That said, the making of stainless steel is a polluting and energy-intensive process that uses mined metals, such as iron, chromium and nickel. Over the past two decades, improved process technology has enabled manufacturers to decrease significantly the amount of embodied energy required to produce stainless steel. The mined materials used to make the stainless steel may have travelled significant distances to arrive at the manufacturing facility, and then the final product often travels great distances through various supply chains to reach the final consumer. So there is a significant carbon footprint attached to stainless steel.
Stainless steel products should last an extremely long time under normal usage. Generations. Even once their service life is over or they become irreparably damaged, stainless steel items should never enter the waste stream. Stainless steel is 100% recyclable and can be reused to make new products without loss of any of the original properties, such as tensile strength, ductility and corrosion-resistance. Valuable raw materials like chromium and nickel can be easily separated from the iron and similarly recycled. The scrap material can be used to make brand new products of the highest quality.
On the average, most stainless steel items are made of approximately 60% recycled material, with 25% of that derived from end-of-life products, and the other 35% from manufacturing processes. The recycled content is limited only by the amount of scrap steel available. The global market for scrap stainless steel is active. As it is a commodity constantly in demand, its recyclability is not just economically viable, but lucrative. Anything made of stainless steel should never end up in a landfill!
-stainless steel a safe material for use in everyday life, including for items such as food containers, dishes, cookware, utensils, water bottles and dispensers. If you have a nickel allergy, you may prefer to avoid stainless steel, or try only 200 grade (nickel-free) stainless steel to see if you can use it without any allergy sysmptoms appearing.
We balance the environmental issues associated with stainless steel against those of plastics. Comparatively, plastics break down much faster and in the process may release dangerous synthetic chemicals, including endrocrine disruptors such as bishphenol A (BPA).
a.Extraction and Processing of Silicon
The Reduction Process
- 1 The raw materials are weighed and then placed into the furnace through the top using the fume hood, buckets, or cars. A typical batch contains 1000 lb (453 kg) each of gravel and chips, and 550 lb (250 kg) of coal. The lid of the furnace, which contains electrodes, is placed into position. Electric current is passed through the electrodes to form an arc. The heat generated by this arc (a temperature of 4000° F or 2350 ° C) melts the material and results in the reaction of sand with carbon to form silicon and carbon monoxide. This process takes about six to eight hours. The furnace is continuously charged with the batches of raw materials.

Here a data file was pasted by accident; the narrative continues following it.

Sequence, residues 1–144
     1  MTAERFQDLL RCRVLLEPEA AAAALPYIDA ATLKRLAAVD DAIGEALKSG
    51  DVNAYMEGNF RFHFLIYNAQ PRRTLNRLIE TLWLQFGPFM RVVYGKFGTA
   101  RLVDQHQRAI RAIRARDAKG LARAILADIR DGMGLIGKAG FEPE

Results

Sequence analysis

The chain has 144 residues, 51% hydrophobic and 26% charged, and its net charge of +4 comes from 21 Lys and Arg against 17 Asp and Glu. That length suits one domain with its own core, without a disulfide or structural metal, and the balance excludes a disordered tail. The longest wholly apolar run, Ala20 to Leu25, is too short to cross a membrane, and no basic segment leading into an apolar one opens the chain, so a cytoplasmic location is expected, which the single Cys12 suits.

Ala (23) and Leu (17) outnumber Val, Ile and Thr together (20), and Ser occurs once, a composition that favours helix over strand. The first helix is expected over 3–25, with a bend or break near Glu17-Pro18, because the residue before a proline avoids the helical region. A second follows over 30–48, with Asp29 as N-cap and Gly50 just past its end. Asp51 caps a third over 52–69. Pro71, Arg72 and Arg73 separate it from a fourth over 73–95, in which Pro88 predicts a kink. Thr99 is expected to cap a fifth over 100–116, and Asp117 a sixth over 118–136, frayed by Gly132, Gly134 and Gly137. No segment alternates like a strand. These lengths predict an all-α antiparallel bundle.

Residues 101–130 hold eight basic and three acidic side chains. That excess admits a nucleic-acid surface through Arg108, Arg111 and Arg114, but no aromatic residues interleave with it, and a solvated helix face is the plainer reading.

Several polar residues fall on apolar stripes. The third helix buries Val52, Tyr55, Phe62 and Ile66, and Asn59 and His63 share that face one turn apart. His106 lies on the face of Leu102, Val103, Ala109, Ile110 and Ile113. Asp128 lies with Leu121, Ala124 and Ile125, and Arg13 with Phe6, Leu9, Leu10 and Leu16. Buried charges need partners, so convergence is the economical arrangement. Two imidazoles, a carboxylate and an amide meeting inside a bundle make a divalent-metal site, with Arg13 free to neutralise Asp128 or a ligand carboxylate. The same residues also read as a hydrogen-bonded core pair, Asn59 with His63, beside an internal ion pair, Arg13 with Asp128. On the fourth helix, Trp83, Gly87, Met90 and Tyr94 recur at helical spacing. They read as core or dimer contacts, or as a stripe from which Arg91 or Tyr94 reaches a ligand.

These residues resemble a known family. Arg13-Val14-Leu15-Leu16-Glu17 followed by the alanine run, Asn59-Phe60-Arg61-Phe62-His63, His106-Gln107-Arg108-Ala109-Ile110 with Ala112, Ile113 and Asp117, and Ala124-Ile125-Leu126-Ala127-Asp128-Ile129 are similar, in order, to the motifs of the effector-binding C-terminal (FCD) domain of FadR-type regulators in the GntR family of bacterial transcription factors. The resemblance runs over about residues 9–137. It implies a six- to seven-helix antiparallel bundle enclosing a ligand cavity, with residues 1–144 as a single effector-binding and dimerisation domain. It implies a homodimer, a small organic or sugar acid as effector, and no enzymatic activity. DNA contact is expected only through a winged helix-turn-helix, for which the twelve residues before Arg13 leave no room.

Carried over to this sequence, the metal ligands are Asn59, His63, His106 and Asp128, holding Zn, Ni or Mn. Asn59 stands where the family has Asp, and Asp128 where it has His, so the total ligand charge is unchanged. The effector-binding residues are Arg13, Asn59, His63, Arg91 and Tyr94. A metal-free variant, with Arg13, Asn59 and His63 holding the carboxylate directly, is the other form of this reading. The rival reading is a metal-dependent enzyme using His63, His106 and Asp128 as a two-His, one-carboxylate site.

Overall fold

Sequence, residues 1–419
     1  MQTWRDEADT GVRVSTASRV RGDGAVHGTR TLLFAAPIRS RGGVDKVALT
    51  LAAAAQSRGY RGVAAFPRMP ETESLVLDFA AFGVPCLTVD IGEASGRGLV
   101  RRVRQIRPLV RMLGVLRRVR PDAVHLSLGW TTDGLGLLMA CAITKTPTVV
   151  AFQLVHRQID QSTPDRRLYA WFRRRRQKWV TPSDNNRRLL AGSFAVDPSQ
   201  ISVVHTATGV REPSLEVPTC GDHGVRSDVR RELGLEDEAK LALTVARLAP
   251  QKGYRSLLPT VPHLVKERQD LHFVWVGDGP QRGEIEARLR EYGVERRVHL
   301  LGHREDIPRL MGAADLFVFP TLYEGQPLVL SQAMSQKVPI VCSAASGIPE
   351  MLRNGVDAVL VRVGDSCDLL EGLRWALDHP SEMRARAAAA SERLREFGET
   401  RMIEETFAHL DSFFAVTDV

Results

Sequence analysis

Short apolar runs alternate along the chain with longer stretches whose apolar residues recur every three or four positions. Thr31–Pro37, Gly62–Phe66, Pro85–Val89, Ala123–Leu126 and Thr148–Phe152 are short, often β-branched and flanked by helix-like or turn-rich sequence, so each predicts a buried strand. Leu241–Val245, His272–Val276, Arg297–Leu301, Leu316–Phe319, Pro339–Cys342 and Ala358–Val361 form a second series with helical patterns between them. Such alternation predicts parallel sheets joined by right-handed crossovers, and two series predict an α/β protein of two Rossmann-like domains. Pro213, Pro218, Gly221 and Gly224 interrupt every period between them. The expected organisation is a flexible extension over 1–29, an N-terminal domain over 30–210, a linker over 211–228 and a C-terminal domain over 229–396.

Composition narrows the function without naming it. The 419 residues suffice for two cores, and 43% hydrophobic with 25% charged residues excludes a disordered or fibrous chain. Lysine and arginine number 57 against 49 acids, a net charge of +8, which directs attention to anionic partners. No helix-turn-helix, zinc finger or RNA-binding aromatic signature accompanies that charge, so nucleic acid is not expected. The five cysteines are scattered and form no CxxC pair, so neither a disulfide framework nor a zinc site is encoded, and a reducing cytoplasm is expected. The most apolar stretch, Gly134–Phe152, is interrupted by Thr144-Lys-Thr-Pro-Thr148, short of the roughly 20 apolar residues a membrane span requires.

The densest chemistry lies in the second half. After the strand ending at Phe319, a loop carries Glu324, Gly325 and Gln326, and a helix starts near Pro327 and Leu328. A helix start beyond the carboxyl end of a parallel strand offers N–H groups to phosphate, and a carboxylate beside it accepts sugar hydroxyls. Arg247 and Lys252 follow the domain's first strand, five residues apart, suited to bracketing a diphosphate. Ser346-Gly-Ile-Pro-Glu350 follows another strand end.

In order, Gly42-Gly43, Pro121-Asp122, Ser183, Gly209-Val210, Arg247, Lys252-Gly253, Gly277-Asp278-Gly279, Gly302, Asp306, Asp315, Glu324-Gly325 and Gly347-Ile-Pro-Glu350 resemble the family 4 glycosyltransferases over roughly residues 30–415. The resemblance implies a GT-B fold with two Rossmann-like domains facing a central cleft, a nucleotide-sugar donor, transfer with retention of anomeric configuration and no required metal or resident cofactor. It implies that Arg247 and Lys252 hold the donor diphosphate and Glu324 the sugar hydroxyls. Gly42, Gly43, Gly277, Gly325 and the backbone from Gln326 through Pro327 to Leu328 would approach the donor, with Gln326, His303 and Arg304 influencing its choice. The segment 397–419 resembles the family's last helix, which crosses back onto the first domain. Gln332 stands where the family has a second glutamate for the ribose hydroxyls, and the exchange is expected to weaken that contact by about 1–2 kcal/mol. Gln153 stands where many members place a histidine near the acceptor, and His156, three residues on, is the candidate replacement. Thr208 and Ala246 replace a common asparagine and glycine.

- 2 While the metal is in the molten state, it is treated with oxygen and air to reduce the amount of calcium and aluminum impurities. Depending on the grade, silicon metal contains 98.5-99.99% silicon with trace amounts of iron, calcium and aluminum.
- 3 Oxidized material, called slag, is poured off into pots and cooled. The silicon metal is cooled in large cast iron trays about 8 ft (2.4 m) across and 8 in (20 cm) deep. After cooling, the metal is dumped from the mold into a truck, weighed and then dumped in the storage pile. Dumping the metal from the mold to the truck breaks it up sufficiently for storage. Before shipping, the metal is sized according to customer specifications, which may require a crushing process using jaw or cone crushers.
Elemental silicon is an inert material, which appears to lack the property of causing fibrosis in lung tissue. However, slight pulmonary lesions have been reported in laboratory animals from intratracheal injections of silicon dust. Silicon dust has little adverse affect on lungs and does not appear to produce significant organic disease or toxic effects when exposures are kept beneath exposure limits. Silicon may cause chronic respiratory effects. Crystalline silica (silicon dioxide) is a potent respiratory hazard. However, the likelihood of crystalline silica generation during normal processing is very remote. LD50 (oral)- 3160 mg/kg. (LD50: Lethal dose 50. Single dose of a substance that causes the death of 50% of an animal population from exposure to the substance by any route other than inhalation. Usually expressed as milligrams or grams of material per kilogram of animal weight.)
Silicon crystalline irritates the skin and eyes on contact. Inhalation will cause irritation to the lungs and mucus membrane. Irritation to the eyes will cause watering and redness. Reddening, scaling, and itching are characteristics of skin inflammation.
Lung cancer is associated with occupational exposures to crystalline silica specifically quartz and cristobalite. An exposure-response relationship has been reported in studies of miners, diatomaceous earth workers, granite workers, pottery workers, refractory brick workers, and other workers
Several epidemiological studies have reported statistically significant numbers of excess deaths or cases of immunologic disorders and autoimmune diseases in silica-exposed workers. These diseases and disorders include scleroderma, rheumatoid arthritis, systemic lupus erythematosus, and sarcoidosis.